5175 Breguet Classique ‘Ginza Anniversary’
With collector attention so heavily focused on Roth’s Breguet era, it’s easy to overlook the fact that, actually, Hayek-Swatch era Breguet didn’t just fold. Look at the 7727 and its incredibly innovative magnetic pivots, allowing the balance to float in artificial gravity. I truly believe AL Breguet would have been proud to have that under his name. Or even the 7027 Tradition, which took the old English pocket watch finishing style, showed it off with a fully exposed gear train, and had the decency to not ask outrageous money. No, Breguet can still impress. And nothing has hit me recently so hard as this 5175, number 10 of just 10 ever made, a limited edition blue grand feu enamel, date-less dial to celebrate the 10th anniversary of the Ginza, Tokyo boutique opening.
Recently, I persuaded a close friend of mine to join me down the dark rabbit hole of watch addiction. He’s certainly not the first, but just picked up the new Tudor panda chrono that’s actually a Breitling trying to be Paul Newman. He’s rightfully very pleased. We had an exchange last week where he, somewhat regretfully, explained that he simply does not understand the appeal of a dress watch yet. In my early years, I would’ve sympathized. In his words, ‘wouldn’t you want it to do something?’ No, not this. Not here. Because when you strip away all excess from a watch, down to only three hands, there is no hiding. A true dress watch is the ultimate canvas on which a maison may demonstrate their outright ability in the finest detail, sans distractions. That sense of pure substance is very strong in this Ginza, it’s high-ABV watchmaking.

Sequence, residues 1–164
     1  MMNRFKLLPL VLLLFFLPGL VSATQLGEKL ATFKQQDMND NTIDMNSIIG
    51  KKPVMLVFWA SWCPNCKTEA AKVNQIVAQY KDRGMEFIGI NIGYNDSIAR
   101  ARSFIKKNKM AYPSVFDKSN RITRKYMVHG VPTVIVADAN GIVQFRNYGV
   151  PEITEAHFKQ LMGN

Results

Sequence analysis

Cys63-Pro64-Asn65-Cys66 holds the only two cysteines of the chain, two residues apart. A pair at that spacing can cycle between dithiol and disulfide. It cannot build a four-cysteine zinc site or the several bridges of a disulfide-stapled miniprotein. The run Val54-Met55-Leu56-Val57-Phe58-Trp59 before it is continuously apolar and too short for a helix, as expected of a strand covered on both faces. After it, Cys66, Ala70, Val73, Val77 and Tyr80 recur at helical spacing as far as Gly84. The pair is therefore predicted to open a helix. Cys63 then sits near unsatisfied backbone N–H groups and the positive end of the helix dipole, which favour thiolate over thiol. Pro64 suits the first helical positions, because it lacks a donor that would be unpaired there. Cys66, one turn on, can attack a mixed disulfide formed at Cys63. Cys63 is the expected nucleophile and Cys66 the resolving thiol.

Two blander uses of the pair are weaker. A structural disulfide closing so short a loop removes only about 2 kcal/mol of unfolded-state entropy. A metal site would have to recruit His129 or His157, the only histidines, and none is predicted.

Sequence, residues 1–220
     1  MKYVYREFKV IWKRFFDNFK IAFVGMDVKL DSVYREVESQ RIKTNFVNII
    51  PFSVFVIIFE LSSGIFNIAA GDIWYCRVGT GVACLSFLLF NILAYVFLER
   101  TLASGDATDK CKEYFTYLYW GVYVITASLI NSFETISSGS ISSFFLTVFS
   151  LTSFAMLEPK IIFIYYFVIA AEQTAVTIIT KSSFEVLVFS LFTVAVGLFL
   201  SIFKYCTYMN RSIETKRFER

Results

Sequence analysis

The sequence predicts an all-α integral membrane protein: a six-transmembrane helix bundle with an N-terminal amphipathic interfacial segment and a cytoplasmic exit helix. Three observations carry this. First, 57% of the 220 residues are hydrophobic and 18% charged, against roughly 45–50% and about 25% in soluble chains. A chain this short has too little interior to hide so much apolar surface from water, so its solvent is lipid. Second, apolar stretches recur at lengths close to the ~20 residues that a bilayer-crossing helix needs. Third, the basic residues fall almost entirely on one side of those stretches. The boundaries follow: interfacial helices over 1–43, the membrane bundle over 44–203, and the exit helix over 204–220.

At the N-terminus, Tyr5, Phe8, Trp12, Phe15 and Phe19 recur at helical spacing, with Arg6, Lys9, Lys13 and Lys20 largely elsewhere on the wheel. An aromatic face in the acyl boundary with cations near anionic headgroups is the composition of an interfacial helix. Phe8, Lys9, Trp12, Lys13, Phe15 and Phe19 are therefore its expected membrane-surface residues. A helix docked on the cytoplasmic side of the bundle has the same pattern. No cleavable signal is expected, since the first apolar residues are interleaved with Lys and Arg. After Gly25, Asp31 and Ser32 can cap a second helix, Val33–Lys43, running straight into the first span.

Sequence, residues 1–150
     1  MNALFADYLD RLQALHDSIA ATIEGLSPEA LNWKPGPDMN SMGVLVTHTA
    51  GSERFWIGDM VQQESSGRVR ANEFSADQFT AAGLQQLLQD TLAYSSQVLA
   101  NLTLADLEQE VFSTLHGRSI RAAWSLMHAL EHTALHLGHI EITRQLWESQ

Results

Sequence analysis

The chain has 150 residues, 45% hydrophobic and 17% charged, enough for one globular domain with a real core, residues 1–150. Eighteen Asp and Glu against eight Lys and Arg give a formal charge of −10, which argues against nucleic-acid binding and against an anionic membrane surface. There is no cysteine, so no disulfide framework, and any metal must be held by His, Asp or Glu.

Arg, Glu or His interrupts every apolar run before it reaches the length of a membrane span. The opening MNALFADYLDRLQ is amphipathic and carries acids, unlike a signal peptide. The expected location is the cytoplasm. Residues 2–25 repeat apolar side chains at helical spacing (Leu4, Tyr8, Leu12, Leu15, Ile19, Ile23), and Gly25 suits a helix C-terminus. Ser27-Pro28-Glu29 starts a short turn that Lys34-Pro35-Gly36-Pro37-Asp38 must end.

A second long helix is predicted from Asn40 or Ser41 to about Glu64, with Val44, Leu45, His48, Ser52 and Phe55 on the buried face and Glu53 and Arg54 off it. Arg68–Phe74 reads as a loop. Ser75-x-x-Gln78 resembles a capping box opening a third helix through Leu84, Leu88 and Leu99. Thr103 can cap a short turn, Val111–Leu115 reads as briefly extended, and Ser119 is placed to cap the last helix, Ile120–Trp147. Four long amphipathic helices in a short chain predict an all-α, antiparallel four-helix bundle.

Start with the dial, which isn’t just blue grand feu (a first for modern Breguet) but has platinum-coated numerals, stars and star-symbols making up its minute track as their old pocket watches, and engraved secret signature just below the handset barely visible. The hands are old open-tipped Breguet style, rhodium plated to match the calibre 777. All of this effort for just 10 watches. There’s no profit in that, and this alone fills me with optimism. I know, on balance, there’s probably a greater wealthy of truly exceptional stuff under Roth. But the 5175 demonstrates that they haven’t forgotten how to make a beautiful watch and execute it with masterful skill just for its own sake, for the art alone. It perhaps a slight shame, though, that one of the brands most impressive offerings of modern times was made in just 10 examples. Guess I’ll have to slum it with a white gold 3237 like the rest of us (jokes . . .kind of. Anyone want to sell me one? Please?). Or get me very drunk and put me in front of Aurel Bacs tomorrow, because this one’s running through Phillips right now.
This example appears to have been hardly worn, probably saved by some collector in a safe. I can barely make out if there’s any surface wear at all on the highly polished 38mm white gold case. It comes with a full set and is one of the possible sleepers from this week’s Phillips Spring Online Auctions, or at least it was until I did this (sorry).
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